While coronavirus is changing our world in so many ways, if we are able to continue fundraising, we must remain conscious of regulatory frameworks and be sure to comply with any changes that can affect our programmes now and into the future.
The Gambling Commission’s upcoming ban on the use of credit cards for all forms of remote gambling, and for non-remote betting, has raised a number of queries from the not-for-profit sector as to how it will affect society lotteries.
The ban comes into effect on 14 April and aims to help prevent individuals from racking up debts on their credit cards, particularly when gambling online.
No credit card payments “by remote methods”
When the ban takes effect, lottery operators with remote society lottery licences, remote ancillary lottery licences, and remote ELM licences will no longer be able to accept payments by credit card by remote methods, which, under the Gambling Commission’s definition of ‘remote’, includes those made online (such as by a website or app), over the telephone, by email, text message, and fax.
Face-to-face lottery payments by credit card on premises, or door-to-door, will still be allowed (albeit only when F2F fundraising can resume after coronavirus social distancing restrictions are relaxed). So too, sending card details by post is allowed, as this is also classed as a non-remote method of payment by the Gambling Commission.
It means charities will still be able to accept credit card payments for their lotteries, provided they are taken in these ways.
The proviso is that precautions are put in place to help protect people from harm.
The Gambling Commission’s existing licence conditions and codes of practice already include a specific requirement on lotteries to set an upper limit on the value of lottery tickets which may be sold to an individual, whether during a single transaction or over a period of time and irrespective of payment method, without interaction with the individual. So, lotteries will need to set a threshold of ticket sales and ensure they interact with customers before selling them a quantity of tickets over that.
According to the Gambling Commission, this interaction requires the lottery operator to identify whether the purchasing individual may be at risk of, or experiencing, gambling-related harm. The operator also needs to keep a record of these interactions available for inspection, and the Commission can monitor the performance of lotteries through routine compliance assessments, or in response to specific complaints.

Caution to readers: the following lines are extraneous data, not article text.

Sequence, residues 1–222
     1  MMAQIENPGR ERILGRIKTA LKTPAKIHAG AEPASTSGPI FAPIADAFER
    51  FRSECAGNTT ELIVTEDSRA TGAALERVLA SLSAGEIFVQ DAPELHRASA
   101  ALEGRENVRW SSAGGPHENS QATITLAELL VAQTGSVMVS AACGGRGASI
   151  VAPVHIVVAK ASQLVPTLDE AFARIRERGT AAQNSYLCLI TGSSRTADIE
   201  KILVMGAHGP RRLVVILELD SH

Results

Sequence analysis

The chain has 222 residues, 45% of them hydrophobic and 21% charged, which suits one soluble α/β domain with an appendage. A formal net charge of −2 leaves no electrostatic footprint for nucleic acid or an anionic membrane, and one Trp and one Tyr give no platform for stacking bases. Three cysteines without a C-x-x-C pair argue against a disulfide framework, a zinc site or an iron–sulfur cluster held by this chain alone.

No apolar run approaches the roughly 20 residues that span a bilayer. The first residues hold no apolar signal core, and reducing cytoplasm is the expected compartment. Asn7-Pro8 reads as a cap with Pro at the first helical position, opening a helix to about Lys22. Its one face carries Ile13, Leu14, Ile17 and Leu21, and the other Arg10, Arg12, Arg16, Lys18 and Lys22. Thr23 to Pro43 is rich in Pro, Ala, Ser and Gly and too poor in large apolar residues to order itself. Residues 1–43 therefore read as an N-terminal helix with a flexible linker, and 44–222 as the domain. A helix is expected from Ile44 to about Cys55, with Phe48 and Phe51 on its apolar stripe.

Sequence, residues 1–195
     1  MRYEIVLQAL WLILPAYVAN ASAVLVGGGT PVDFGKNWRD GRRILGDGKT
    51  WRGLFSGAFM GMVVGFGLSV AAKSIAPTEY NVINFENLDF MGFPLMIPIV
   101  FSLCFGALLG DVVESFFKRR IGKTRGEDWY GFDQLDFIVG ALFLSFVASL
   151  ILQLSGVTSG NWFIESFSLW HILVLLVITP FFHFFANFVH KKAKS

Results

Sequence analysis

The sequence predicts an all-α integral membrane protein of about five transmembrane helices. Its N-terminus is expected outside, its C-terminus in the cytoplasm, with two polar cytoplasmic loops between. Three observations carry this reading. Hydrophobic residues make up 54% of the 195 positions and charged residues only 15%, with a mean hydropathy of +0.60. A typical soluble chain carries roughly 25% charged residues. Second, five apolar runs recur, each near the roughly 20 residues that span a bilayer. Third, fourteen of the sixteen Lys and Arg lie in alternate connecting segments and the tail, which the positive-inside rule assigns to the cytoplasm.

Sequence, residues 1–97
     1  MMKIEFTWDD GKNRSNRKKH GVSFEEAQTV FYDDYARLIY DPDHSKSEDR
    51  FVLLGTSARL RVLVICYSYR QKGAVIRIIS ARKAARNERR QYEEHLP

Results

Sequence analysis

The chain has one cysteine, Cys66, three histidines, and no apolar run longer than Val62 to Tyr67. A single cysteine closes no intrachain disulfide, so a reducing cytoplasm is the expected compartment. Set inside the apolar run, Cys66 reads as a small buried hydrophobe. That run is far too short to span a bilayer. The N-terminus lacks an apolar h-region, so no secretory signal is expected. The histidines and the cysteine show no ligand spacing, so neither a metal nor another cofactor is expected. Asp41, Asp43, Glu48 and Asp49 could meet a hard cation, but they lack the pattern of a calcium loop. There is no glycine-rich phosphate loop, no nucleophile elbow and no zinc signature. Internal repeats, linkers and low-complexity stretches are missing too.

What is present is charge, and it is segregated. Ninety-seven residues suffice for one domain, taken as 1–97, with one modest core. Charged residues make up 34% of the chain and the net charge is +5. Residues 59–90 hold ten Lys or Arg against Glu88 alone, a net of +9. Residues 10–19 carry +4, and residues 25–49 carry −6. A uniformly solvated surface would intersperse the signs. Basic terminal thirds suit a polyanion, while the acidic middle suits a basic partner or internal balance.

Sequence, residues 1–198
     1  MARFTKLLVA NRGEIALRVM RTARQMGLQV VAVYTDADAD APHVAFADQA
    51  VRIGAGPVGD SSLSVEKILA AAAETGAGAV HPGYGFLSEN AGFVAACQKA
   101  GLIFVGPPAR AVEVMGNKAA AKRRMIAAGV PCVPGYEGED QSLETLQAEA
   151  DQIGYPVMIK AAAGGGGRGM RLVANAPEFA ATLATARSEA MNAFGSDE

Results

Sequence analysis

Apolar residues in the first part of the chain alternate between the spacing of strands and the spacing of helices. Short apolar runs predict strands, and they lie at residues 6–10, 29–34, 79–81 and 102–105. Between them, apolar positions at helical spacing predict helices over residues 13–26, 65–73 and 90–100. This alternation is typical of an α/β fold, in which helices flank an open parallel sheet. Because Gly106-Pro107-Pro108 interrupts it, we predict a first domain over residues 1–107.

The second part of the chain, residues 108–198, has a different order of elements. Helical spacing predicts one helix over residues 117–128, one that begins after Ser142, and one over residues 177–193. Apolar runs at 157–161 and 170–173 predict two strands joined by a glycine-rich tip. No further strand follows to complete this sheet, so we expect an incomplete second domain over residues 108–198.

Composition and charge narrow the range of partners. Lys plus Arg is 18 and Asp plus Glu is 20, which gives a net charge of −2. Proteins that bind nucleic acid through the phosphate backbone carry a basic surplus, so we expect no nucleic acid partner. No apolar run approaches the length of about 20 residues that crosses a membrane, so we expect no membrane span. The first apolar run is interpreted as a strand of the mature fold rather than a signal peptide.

But is this enough? Or is there more that could be done to safeguard good cause lottery players?
Is it ethical for charities to continue using credit cards for lotteries?
One question raised is whether it is in fact ethical for not-for-profit organisations to continue using credit cards for lotteries, even with protections in place.
We put this to Ian MacQuillin, director of fundraising think tank Rogare. He believes that there is no ethical reason why they should not continue to use credit cards for cases where credit cards are legally allowed, but that good causes may wish to look at whether it is possible to set the bar higher than legally required:
“If it is considered acceptable for offline commercial lotteries to be paid for on credit cards then it has to be acceptable for charity lotteries to be paid for in the same way. But even if law and regulation do provide clear guidance, it is also a question for professional ethics whether to go beyond the law, which sets a lower benchmark and doesn’t stop you setting the bar higher.”
For anyone wanting more guidance on ethical decision-making, he points people to Rogare’s framework on this topic.
Moving to Direct Debits?
To better protect players and help mitigate the risk of debt, an alternative is to move away from using credit card payments altogether. Debit card payments for single lottery plays and Direct Debits for regular play payments are both familiar and easy payment mechanisms for the playing supporter, as well as being a lot safer when it comes to protecting against debt and fraud.
While of course it’s possible to go overdrawn and incur charges with a current account, it’s not possible to run up the high levels of debt seen with credit cards. Money is withdrawn directly from the players bank account, so if there are insufficient funds in their account, the payment for the lottery play is simply not taken. And if your charity currently operates a lottery where a lump sum is taken from credit cards for a series of lottery plays, you can do the same from debit cards.
Additionally, Direct Debit is the safest payment method for making recurring payments thanks to the Direct Debit Guarantee, Charities are protected by the efficiency and security of the scheme, while for the player, the Guarantee protects the account owner from payments that may be made in error or indeed fraudulently against their account.
As with any activity, risks must always be assessed. Given their low frequency format and the typical prize thresholds, charity lotteries are less likely to attract addictive gambling behaviour. But it is wise to proactively carrying out a risk assessment to help both identify any potential problem areas and find solutions.
Whether charities should be accepting credit card payments for lotteries is an interesting area of debate, and as with all ethical issues, there is no simple right or wrong answer. While the law must of course be followed in regard to credit card payments, it’s up to each charity to determine which and how many payment methods it will accept instead. Making Debit card and Direct Debit payments your methods of choice goes a long way to ensuring that all possible steps are taken to safeguard the wellbeing of everyone involved.
Jackie Lawrence, Head of Marketing, Rapidata (an Access Company)
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